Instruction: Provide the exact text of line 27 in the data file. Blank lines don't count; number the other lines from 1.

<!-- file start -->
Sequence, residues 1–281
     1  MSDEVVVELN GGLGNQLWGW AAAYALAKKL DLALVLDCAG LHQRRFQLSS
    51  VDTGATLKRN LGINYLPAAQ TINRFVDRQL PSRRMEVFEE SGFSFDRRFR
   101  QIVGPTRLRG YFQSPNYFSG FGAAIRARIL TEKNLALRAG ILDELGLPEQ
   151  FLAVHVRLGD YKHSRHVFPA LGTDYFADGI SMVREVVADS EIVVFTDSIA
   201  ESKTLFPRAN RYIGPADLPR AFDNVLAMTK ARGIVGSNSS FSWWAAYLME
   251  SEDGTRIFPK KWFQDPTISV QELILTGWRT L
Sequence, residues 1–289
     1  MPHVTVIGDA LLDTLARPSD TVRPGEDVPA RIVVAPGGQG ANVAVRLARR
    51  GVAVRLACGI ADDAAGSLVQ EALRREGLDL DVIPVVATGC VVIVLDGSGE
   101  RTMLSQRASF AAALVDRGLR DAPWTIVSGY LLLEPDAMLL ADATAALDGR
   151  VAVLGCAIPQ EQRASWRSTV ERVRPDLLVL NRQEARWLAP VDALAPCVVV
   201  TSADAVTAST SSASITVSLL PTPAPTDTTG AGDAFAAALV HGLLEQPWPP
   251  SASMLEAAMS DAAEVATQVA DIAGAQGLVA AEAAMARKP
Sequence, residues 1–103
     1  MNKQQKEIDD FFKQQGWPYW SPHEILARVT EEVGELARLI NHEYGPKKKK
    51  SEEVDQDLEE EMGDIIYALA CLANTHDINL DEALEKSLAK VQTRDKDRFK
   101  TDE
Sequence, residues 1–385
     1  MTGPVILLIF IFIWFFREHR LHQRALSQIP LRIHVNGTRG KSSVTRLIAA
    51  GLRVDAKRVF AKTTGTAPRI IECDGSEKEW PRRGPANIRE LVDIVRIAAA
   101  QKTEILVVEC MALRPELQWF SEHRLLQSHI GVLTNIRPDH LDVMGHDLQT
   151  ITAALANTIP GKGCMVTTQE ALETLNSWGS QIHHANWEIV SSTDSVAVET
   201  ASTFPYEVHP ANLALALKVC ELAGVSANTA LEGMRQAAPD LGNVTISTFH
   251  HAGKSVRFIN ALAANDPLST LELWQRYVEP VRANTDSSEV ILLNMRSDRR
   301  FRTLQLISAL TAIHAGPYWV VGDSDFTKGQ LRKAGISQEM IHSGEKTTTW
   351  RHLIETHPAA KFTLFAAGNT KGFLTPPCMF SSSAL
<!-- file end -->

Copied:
   351  RHLIETHPAA KFTLFAAGNT KGFLTPPCMF SSSAL